After taking a lot of mini-breaks, we reached this lookout after an hour of slow but steady uphill hiking. The views were absolutely gorgeous; I love being able to see the shadows of clouds on the forest.

We reached the summit 20-30 minutes later, and met a nice girl with a dog that Juno was excited to run around with.The summit was particularly lackluster, with no views to speak of. But at least there was a marker!

We headed back to the overlook for one last view, had a bit of lunch, met some more people, and began our descent.

I have to say, I am SO HAPPY I invested in hiking poles. My ankle is not totally healed from when I sprained it almost 3 weeks ago, and if not for the poles I would have gone down sooo many times.Partway down the descent, we stopped for a water break. Juno was so exhausted she just plopped down and dropped her whole face in the water dish.

The rest of the trail was uneventful, though my feet were becoming increasingly painful, as my toes were shoved to the front of my boots and pine needles chafed against the sides of my toes and ankles. I’m embarrassed to say the trail took me so long, but considering my extra-heavy pack (in preparation for the 46!) and my weak/painful ankle, I’m just glad to have gotten this far! And now I know that the only thing keeping me from going further was the blisters on my toes…At any rate, we made it back to the tracks, and I actually heard the loudspeakers I’d read about! We heard the train come and go twice during our hike, but never actually got to see it. Maybe next time!

Scarface Mountain: 3054′  Elevation Gain: 1500′

Round Trip Distance: 7.2 miles

Total Duration: 4.5 hours

All images are property of adktrailtalesandtails and may not be used unless with express permission.

Haystack Mountain


Weather: Overcast, comfortably cold winter day

My hiking buddy and I got to the trailhead for Haystack at about 10:30am, and after fuddling with our equipment for 10 minutes, we set off on the trail. It was a beautiful day, with some snow cover, and we had come prepared with ski pants (to keep the butt dry during butt scooting, of course) and microspikes, so we were all set.

The trail starts out pretty mellow, a relatively flat walk through the woods. For whatever reason, I didn’t take many pictures along this trail, however those I did take were of the incredible ice formations and the gushing brook (not quite a river, but still impressive) that the trail begins to follow about 1.5 miles in.

We were absolutely mesmerized by the waterfalls, and the ice hanging off of various logs in the river. Unfortunately, the river sits in a little ravine, but I wanted to get nice and close to I climbed down the banks right to the edge. Worth it! I was pretty thankful for my microspikes at this point.

The trail really started to climb after this point, and we soon came across some weird building remains at about 2.2 miles. We had read that there was an old dam up ahead on this trail, so maybe the two were connected? At any rate, it’s a strange place for a house, but i wouldn’t have minded living there!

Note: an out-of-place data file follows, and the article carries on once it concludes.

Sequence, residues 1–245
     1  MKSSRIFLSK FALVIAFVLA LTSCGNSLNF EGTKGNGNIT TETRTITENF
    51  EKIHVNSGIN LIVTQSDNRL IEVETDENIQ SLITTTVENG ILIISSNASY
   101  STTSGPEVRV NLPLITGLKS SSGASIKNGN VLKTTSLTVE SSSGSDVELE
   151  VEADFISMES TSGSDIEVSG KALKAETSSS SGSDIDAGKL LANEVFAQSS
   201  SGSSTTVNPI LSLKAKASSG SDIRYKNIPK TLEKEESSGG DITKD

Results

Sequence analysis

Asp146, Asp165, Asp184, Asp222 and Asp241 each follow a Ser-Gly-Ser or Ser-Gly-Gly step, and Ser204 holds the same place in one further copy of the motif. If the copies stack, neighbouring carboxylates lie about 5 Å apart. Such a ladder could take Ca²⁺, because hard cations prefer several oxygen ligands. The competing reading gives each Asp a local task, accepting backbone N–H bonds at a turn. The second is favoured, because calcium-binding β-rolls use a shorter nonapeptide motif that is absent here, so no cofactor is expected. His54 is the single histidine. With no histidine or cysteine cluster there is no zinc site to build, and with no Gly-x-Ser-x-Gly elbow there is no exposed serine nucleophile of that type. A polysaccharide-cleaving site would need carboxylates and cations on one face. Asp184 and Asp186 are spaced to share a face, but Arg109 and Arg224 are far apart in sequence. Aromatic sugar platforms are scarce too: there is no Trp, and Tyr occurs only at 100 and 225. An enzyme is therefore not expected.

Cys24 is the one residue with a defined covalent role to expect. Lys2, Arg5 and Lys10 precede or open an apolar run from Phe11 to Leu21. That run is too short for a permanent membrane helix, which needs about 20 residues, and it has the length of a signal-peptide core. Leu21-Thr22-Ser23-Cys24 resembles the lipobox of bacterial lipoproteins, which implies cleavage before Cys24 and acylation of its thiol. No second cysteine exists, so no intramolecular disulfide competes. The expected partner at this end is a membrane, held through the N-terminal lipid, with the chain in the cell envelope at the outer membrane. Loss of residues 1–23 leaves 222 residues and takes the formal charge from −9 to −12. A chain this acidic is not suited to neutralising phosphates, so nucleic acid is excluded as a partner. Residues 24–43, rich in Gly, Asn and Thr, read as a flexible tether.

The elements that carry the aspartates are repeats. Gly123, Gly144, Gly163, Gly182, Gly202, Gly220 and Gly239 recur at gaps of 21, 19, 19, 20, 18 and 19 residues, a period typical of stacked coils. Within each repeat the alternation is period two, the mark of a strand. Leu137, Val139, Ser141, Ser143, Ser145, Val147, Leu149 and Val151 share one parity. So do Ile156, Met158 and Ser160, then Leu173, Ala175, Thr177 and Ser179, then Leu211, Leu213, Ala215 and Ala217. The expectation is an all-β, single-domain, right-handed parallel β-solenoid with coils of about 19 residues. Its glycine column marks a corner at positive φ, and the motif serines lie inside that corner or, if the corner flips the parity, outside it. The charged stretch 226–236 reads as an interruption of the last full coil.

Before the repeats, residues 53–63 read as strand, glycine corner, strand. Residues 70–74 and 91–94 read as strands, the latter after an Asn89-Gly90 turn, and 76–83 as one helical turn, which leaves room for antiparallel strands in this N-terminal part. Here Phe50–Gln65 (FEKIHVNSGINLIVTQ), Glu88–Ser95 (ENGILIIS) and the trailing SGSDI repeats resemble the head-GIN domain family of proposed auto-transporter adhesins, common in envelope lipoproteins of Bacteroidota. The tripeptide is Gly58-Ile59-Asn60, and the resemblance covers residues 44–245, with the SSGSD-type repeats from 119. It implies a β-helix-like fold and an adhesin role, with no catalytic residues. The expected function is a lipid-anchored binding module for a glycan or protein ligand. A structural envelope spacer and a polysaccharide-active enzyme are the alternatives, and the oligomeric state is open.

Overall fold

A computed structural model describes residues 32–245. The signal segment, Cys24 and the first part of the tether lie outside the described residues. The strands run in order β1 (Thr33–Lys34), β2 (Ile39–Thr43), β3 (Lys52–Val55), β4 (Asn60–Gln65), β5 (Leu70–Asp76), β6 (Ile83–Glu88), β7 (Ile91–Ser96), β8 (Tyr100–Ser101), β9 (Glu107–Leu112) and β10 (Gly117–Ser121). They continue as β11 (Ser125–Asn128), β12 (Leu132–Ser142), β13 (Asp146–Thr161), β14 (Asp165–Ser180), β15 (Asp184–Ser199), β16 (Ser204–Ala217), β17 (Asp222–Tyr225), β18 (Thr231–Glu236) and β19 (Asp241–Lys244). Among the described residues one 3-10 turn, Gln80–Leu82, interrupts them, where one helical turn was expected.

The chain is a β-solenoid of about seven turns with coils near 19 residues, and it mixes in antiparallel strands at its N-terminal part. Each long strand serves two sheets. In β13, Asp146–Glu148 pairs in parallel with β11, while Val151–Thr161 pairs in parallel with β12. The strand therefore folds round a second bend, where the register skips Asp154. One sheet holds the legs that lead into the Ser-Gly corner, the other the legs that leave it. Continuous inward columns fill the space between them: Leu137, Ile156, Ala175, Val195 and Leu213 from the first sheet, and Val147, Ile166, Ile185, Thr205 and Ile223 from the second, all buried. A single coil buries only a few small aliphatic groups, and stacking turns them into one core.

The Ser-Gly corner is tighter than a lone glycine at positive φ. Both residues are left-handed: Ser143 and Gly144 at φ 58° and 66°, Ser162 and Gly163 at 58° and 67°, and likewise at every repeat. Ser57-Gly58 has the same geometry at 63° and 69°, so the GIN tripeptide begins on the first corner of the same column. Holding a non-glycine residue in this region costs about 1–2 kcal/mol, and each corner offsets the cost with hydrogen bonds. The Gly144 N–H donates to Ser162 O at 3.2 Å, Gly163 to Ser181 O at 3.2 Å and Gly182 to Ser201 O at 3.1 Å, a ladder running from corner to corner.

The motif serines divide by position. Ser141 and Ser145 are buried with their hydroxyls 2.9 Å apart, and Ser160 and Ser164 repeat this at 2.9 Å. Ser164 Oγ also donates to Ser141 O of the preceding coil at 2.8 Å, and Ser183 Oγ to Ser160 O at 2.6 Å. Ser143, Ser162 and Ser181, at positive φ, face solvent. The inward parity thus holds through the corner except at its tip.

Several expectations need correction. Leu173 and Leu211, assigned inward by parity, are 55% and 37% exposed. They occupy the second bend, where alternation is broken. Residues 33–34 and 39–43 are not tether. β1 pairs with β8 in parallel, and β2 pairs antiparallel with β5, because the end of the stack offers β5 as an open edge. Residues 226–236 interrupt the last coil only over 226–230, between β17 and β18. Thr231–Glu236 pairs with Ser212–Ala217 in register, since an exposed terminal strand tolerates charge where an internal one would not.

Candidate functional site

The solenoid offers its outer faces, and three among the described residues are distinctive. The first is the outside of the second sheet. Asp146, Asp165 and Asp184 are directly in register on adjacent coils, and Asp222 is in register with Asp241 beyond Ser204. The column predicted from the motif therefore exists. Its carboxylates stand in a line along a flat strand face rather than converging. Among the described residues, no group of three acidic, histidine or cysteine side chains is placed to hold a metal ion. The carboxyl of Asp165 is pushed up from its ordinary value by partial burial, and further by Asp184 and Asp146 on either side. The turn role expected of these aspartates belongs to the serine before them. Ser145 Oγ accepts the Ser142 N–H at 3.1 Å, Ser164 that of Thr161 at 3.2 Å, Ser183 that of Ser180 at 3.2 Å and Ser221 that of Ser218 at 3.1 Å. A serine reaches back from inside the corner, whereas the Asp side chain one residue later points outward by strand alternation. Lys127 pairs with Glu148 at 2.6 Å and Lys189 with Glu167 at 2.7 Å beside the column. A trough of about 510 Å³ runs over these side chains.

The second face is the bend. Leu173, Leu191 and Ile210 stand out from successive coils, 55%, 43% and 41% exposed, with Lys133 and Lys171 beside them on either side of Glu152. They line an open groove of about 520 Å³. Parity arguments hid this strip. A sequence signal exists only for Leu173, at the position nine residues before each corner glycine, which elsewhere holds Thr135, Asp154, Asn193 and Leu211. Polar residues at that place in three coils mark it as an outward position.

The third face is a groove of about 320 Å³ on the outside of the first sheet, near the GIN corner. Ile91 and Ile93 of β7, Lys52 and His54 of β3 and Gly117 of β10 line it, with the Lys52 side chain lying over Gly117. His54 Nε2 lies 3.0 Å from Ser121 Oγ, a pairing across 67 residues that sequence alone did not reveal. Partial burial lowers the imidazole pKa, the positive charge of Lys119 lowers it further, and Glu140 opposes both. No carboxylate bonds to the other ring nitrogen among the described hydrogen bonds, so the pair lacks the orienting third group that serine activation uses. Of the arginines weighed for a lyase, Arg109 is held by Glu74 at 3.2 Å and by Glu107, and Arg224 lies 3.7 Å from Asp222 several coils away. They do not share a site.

Now we knew that somewhere along the trail up Haystack, there would be a trail branching off to the right that heads towards McKenzie. We never saw it, and just hoped we were on the right one. Shortly after we passed the crumbling foundation, we came upon the dam. There was no bridge, and we watched one lady with her dog hop across some wobbly rocks at the bottom of the dam. We were at a loss of how to get across without falling in (being the graceful creatures that we are), when two gentlemen coming down the trail on short x-country skis just walked right along at the top of the dam where the cement wall of the dam keeps the water pretty shallow. We shook our heads at how oblivious we were to have not noticed that, and carefully crossed at the same spot. We emerged on the other side with totally dry feet! Thanks, Keen boots! From this point, the trail would climb steeply, then even out, then climb some more, etc. It was actually a really nice hike, and we never got too out of breath. At about 3 miles, the trail began the final steep climb,  going up a gully to the left of some cliffs to emerge on the first ledge at 3.2 miles. After a slight dip, the trail continued to the summit at 3.3 miles.

We were so warm when we got to the top at 1:30, we did what was probably the dumbest thing we have ever done on a hike: we took off our jackets to be standing on the top of the mountain wearing just sweat-soaked cotton T-shirts. We weren’t even wearing appropriate moisture-wicking clothing. Luckily, we had our senses to put our layers back on before we became hypothermic. We did have some nice views from the rocky ledge, though many of the high peaks that are further away were obscured by the low clouds. We hung out for a little bit, ate some lunch, and headed back the way we came.

We made it back to the stream, where we stopped again to admire the scenery. It was so peaceful and quiet here, I could have lain down to have a nap, easily. At any rate, we continued on after snapping some pics of the elusive bat-sicles! (see below).

The rest of the hike was uneventful, and we made it back to the car at about 3:30 after a beautiful, rewarding day in the woods.

Haystack Mountain: 2878′  Elevation Gain: 1706′

Round Trip Distance: 6.6 miles

Total Duration: ~5 hours

All images are property of adktrailtalesandtails and may only be used with express permission.

Welcome to my Blog!

“The mountains are calling and I must go.” – John Muir

Greetings! I’m Natalie, welcome to my blog! I am a musician (check out my original folksy Adirondack-inspired music at, an engineer, and an avid hiker and photographer. I also have Ehlers Danlos Syndrome – a degenerative genetic disorder that affects all of my joints, that’s resulting in my muscles being the glue that holds my joints together rather than my tendons and ligaments…As you can imagine, that makes hiking quite difficult! EDS is a little-known and underdiagnosed condition largely affecting women, with very little research behind it. Learn more about EDS here:

On this site you’ll find trip reports from my personal journeys through the mountains as well as my photography portfolio. Read through my diaries to stroll with me though the woods, accompany me on my solo 46er adventures, and learn from my triumphs and failures. “Only by going alone in silence, without baggage, can one truly get into the heart of the wilderness. All other travel is mere dust and hotels and baggage and chatter.” – John Muir

Click HERE to view my photography portfolio and take a part of the wilderness home with you.